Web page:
When the permits were determined based on the modeling in place now, Key West was included in that.
Schemper said, “A little over 10 years ago, they gave us the last set of permit allocations that could be given out. The county has sort of, we’ve stretched our distribution out through 2026, in the summer of 2026, to give us a little extra time to make decisions like this. Some communities have their last allocations listed to be given out this past summer. But I think everyone’s trying to sort of stretch it out a little bit, because we need time to make decisions and we need to update our codes as well if we want to give out more units if they are coming from the state. So time is always a factor. We need time to analyze and time to make decisions and then time to update our regulations accordingly.”
Has there been any feedback about the permits or evacuation?
Schemper said, “I have not personally had conversations with them. So I can’t really speak to that. But I do think that Marathon, Islamorada, I know that their councils are also meeting. They are also having their own discussions to come up with their official community input at this point. It’s December. The legislative session starts in January this year, it’s early. There’s a bit of a time crunch, but at the same time, we’re hoping to make sure the state understands that it needs to be a community wide decision making process.”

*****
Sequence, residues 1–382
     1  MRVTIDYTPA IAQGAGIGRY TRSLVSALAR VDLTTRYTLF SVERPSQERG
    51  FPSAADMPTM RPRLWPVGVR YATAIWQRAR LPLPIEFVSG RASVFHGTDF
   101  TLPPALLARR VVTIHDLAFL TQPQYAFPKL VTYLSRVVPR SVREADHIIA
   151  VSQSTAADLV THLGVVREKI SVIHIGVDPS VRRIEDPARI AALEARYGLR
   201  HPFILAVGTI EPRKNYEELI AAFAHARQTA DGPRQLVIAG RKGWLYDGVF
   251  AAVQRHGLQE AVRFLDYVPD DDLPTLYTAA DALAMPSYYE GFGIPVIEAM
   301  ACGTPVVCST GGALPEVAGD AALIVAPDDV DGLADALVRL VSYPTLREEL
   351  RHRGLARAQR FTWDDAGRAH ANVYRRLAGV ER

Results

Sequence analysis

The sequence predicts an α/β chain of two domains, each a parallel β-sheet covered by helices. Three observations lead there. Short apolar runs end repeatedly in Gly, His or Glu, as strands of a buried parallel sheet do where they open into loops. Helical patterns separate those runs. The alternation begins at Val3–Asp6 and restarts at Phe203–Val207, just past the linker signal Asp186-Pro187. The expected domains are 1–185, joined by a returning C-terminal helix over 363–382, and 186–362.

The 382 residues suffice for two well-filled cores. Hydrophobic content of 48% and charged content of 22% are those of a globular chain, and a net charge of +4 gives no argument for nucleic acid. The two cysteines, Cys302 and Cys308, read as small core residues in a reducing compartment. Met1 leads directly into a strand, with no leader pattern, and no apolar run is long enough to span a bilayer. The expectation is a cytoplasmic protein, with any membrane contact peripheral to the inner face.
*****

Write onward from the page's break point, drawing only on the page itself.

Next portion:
There are also projects planned for Tavernier.
Schemper said, “There is a proposal to take the old Cemex concrete plant in Tavernier, just north of the Tavernier Creek Bridge, and redevelop that site with a large Publix store and 86 units of affordable housing. The community has voiced concerns over that. The planning commission did not recommend approval of it and staff is not recommending approval. The reason is what they need to complete this project is an amendment to our code that would allow them to put a building of larger than 10,000 square feet on that site, which is currently not allowed, according to the regulations. So on tomorrow’s agenda item P6, which will be heard at 11:30 or as soon after as it can be, is their proposal for that text amendment to our code to allow it on that site. Staff isn’t recommending approval because it does not fit the community character aspects in the Tavernier Livable CommuniKeys plan. We’re also, even more so, recommending that it be continued to a later date, because there are additional applications submitted for this site and they really should all go to the board at the same time, so they can see everything that’s been proposed, make sure it’s all consistent, make sure everything is in order before they actually adopt. So there’s a chance that will be continued tomorrow. But if the public hearing is held, it will be item P6 at 11:30.”
One issue with including 86 units of affordable housing at the site is there aren’t that many affordable housing ROGO allocations available at the moment.
Schemper said, “So in order to actually build those units, they need to figure that out. There’s an application they’re submitting to change our comprehensive plan, which would allow that. That’s one of the details that needs to be worked out. But staff feels strongly that those 86 units should be required if the board does decide to approve this larger building. So again, that’s part of why we would like all the details worked out because if you can’t get the building permit allocations, you can’t build the units. But if you’ve already approved a grocery store there, it doesn’t quite work out.”